“The company just inked a $293 million deal with pharmaceutical giant Novartis…

“It also made a deal worth $445 million with Regeneron Pharmaceuticals.”

OK, so yes, the Thinkolator can confirm that this is Intellia Therapeutics (NTLA).

What I can’t do is tell you whether it’s going up or not. EDIT, NTLA and CRSP are all moving forward, all actively trying to develop fantastic cures for disease using their variations of CRISPR gene-editing technology, and they’ve all got great partners and plenty of funding and, probably, a long row to hoe before they get to the point where they might actually be selling a product.

This is a gene editing technology, not a drug. It’s not a compound that can alter your body’s chemistry to defeat a disease, or even an antibody that you can either add to your body or inspire with a vaccine to help your body fight off an ailment or infection, it’s a whole new and extremely personalized way of attacking genetic defects or problems, and we’re probably a long way from knowing how it will be commercialized.

That doesn’t mean it’s not worthy of funding or research, of course, or even that investors won’t get rich by backing one or more of these CRISPR horses — it just means there’s not much to the finances of these companies yet, they’re still, despite the vast funding they have available from investors and partners, pretty early-stage R&D projects as far as I can tell. I’m not even really sure what their business model will be — selling a product? A technique? Licensing a technology for other researchers? Charging per cure?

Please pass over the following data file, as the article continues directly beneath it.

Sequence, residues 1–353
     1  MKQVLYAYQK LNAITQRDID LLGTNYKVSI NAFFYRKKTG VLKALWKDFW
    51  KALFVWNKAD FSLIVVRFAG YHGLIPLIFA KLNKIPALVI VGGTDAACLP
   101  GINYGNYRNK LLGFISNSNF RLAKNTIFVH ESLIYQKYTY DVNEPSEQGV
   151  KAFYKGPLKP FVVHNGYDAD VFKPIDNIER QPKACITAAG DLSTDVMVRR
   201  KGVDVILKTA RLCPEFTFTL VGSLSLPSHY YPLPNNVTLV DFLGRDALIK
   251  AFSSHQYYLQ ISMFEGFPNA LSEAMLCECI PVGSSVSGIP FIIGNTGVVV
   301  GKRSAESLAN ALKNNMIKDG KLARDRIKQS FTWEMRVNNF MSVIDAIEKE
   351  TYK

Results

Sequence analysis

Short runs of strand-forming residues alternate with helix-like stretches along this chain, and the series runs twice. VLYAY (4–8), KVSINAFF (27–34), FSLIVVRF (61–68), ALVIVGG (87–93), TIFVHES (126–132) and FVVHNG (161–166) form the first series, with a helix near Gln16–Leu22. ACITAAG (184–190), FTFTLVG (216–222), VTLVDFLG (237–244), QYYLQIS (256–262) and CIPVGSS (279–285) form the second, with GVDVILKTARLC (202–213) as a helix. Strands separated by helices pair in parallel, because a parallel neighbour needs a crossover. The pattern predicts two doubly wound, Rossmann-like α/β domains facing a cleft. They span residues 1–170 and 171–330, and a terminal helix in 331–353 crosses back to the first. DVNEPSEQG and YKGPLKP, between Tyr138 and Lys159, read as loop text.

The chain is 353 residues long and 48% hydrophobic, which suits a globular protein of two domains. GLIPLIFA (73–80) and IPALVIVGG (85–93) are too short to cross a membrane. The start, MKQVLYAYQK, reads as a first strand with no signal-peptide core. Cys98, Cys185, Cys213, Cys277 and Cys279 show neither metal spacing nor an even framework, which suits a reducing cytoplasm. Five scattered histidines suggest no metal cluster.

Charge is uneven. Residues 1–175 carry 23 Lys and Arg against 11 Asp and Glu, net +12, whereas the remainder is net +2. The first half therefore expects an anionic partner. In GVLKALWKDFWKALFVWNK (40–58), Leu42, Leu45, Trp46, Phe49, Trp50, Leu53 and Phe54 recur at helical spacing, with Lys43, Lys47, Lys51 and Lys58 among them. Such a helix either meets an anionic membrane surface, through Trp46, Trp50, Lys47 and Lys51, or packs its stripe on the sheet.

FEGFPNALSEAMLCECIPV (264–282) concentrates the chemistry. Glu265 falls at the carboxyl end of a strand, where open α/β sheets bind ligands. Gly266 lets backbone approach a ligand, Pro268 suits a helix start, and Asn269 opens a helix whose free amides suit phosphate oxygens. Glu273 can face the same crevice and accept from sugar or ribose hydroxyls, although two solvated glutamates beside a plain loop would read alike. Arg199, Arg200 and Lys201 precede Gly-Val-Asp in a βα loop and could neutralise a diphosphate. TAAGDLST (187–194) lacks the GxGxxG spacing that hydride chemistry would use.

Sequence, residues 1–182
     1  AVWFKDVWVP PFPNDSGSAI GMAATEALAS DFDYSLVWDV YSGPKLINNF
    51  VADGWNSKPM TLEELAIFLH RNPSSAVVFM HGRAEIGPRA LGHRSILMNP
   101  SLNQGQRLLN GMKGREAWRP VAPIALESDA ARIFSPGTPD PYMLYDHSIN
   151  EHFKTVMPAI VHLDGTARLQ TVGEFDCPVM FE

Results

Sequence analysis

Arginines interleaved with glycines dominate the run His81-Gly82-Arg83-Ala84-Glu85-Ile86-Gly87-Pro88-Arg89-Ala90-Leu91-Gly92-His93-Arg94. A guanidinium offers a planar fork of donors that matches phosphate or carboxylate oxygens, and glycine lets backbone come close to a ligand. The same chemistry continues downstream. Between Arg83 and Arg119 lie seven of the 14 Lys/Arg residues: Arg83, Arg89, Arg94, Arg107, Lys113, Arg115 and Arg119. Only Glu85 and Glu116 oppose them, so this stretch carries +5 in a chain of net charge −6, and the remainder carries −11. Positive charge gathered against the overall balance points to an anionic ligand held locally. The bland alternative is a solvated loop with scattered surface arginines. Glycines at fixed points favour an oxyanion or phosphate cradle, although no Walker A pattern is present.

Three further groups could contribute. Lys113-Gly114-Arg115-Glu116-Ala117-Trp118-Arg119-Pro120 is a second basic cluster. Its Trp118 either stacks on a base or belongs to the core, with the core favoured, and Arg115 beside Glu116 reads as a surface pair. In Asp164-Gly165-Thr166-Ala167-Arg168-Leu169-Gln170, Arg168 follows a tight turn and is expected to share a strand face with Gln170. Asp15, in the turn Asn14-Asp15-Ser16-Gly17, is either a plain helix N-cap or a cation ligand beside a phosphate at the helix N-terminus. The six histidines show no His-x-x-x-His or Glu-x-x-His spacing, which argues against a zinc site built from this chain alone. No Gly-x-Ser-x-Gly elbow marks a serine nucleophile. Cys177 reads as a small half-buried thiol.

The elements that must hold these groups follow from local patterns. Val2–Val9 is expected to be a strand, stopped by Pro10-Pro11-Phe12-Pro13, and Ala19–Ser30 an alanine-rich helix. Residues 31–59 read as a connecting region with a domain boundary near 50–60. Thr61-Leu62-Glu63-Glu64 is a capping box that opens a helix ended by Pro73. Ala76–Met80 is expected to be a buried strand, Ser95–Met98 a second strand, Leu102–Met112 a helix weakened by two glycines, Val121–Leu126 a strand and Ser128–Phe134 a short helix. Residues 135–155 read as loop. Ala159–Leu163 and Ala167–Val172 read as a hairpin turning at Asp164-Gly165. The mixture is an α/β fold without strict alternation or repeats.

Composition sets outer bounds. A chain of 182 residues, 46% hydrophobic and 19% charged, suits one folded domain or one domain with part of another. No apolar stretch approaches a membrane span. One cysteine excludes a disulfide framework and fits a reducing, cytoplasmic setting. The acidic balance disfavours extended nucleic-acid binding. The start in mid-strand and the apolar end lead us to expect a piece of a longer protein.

And, of course, there’s the constant legal battle over patents that will be worked out over time, probably benefitting one of these folks over others — most recently it’s been Editas with the upper hand in patent court, but I have no idea what the last word will be.

So I’m left with this… I’ll paraphrase what I wrote to the Irregulars a few weeks back when there was a very similar teaser pitch from Michael Robinson that was hinting at competitor Editas:

If one thing is clear above all others, it’s that I’ve got no personal “edge” to be gained by gaming the decisions of a patent court or judging the relative merits of different highly advanced gene editing technologies… you’ve got to know your limitations. I’m certainly not an expert on any of this stuff, so all I can really tell you is that yes, Marc Lichtenfeld is teasing Intellia (NTLA)… and no, there’s no way the stock price is going to rise tenfold “in the short term.” (Assuming, in this case, that “short term” means a few months or so.)